I don’t go off course. It is a rare occasion when I let go of the structure of my life and allow myself to let loose. I spend so much time being focused on not fucking things up. I spend an inordinate amount of time worrying about the bad directions the road can take me in. I rarely stop and smell the flowers. I have been conditioned to worry. I have been well-trained to plan for the worst case scenario. And, for good reasons. The worst case has come my way more times than I care to recall. Yet, I have thought long and hard about my desperate need for structure and whether it fits into my life anymore. I have pondered the notion that perhaps I am carrying around some old baggage that no longer suits my life. Sure, my life is complicated. There are bad things that happen but maybe – just maybe – the worst case is not as bad as I remember it being. Maybe I have new tools that allow me to handle the obstacles that cross my path and present seeming roadblocks. Perhaps they are just pebbles or loose debris that I can drive around or even drive over without feeling the bump. I have not yet allowed myself to imagine that reality. I have embraced and clung to my ideas around survival. And, as a result, I have missed the possibility of actually living and experiencing life from a very different vantage point.

Fear holds me back. It is debilitating at times. The uncertainty of what might occur when I give up the control and stop trying to predict the outcomes is terrifying and paralyzing. How can I survive when I do not know what is coming my way? I remember one of my mother’s favorite expressions being “People plan and God laughs.” I hated when she said it because it was so contradictory to how she lived her life. She never left room for imagination. Everything had to be structured and anticipated. She reprimanded me whenever I took risks or lived outside the lines. I never contemplated her reasons for having to live such a structured life but I understood that my own need was rooted in the fear of complete destruction. If I can at least see the lights of the train as it headed in my direction, I might have enough time to jump off the tracks and save my own life. But, of course, that suggests that I believe that there is usually a training heading around the corner and I am in jeopardy of being decimated. Perhaps, instead, I could feel confident that I can boldly walk the tracks and know that, in the off-chance this abandoned track line actually sees a train, I will have the wisdom and strength to jump out of the way in time. I really don’t need to see the lights in the distance, I just need to be able to react when the whistle blows.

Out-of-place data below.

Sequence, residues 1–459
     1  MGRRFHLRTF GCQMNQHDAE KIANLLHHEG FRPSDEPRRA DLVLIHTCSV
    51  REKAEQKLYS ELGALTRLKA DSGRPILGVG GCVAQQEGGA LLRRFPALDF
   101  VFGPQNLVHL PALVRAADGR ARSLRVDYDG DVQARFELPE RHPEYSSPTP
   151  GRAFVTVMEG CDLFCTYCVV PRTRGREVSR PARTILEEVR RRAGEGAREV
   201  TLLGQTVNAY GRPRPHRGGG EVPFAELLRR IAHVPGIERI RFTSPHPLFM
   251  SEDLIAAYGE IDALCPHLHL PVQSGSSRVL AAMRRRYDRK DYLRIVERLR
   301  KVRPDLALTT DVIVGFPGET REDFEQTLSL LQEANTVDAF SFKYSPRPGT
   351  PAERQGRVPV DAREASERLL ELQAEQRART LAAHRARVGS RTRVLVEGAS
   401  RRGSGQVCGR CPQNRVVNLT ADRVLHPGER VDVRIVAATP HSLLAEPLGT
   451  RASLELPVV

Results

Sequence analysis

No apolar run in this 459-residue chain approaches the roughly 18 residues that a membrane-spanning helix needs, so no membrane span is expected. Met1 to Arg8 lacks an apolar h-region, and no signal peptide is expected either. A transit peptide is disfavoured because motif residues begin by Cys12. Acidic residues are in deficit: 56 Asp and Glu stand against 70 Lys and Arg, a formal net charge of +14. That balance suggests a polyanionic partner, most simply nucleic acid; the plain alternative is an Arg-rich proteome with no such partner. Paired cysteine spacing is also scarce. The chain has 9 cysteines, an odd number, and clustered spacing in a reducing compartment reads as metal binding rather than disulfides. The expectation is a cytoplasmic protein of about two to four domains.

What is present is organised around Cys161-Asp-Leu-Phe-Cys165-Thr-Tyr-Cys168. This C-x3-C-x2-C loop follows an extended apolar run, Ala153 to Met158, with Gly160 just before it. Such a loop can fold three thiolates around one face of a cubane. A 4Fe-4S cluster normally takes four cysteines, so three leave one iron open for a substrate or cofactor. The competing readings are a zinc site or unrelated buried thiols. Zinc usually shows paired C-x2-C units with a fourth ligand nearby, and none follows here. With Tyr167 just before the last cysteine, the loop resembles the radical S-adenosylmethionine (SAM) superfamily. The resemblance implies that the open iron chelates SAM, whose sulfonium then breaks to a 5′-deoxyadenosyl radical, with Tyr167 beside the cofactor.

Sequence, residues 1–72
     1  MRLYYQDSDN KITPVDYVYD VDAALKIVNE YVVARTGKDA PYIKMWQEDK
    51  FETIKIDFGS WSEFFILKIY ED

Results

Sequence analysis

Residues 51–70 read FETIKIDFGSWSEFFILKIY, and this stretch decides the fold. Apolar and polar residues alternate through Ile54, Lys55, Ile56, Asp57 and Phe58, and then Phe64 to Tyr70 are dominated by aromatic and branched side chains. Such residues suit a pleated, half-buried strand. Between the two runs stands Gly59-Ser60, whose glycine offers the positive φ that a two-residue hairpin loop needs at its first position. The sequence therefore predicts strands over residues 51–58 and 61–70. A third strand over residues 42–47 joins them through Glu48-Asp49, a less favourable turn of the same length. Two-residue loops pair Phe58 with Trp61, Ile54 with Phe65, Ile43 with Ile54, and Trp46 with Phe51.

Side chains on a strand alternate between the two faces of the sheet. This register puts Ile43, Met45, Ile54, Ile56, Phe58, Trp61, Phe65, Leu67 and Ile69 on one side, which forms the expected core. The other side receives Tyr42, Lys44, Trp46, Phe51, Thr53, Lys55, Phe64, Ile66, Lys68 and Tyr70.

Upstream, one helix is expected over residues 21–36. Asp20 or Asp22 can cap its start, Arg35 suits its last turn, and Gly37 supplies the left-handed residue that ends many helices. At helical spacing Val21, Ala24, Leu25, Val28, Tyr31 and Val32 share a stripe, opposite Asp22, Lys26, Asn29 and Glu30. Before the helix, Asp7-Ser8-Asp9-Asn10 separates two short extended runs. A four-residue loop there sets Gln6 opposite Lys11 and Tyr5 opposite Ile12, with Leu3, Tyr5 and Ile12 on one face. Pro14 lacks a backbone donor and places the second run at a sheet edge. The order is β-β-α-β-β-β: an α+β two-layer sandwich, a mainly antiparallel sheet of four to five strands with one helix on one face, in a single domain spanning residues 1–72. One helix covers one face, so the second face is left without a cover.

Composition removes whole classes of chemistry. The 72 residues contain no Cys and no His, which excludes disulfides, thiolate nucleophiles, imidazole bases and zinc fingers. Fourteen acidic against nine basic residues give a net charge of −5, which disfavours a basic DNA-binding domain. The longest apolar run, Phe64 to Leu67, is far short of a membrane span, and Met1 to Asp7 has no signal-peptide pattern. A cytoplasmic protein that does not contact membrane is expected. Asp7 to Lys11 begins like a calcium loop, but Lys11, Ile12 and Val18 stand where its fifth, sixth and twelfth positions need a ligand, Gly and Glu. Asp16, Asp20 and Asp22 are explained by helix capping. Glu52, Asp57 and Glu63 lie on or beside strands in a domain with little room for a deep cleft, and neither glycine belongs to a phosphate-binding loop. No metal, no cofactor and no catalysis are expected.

I have thought a lot, in the past few weeks, about my day in Kansas City. There was something about the warm air, the sunny skies, the lack of responsibility (my husband and children were at home in NJ) and the possibility that filled my lungs as I breathed in and out. I parked my friend’s car in a cute little section of town, in search of a store where I could buy a card for him and his partner. I wanted to find a little something special for them. I walked from shop to shop and stumbled across a wonderful little store where I discovered an array of goodies that were just what I was looking for.

After I paid for my purchases and I was getting ready to leave the store, I looked up at the wall and saw a print that literally took my breath away. It said:

Be brave.

I thought maybe

if I wrote the words down,

read them every day,

traced them with my fingers…

I could live them.

I could let go of this “maybe” life,

and be brave enough to say yes…

brave enough to say no.

And then, in all the uncertainty,

around me, I could be certain

of this, that I was brave

enough to love, to laugh…

to cry…to be me…that I was brave

enough to really live.

Well, well…maybe the universe was, in fact, behind the wheel driving me around that day.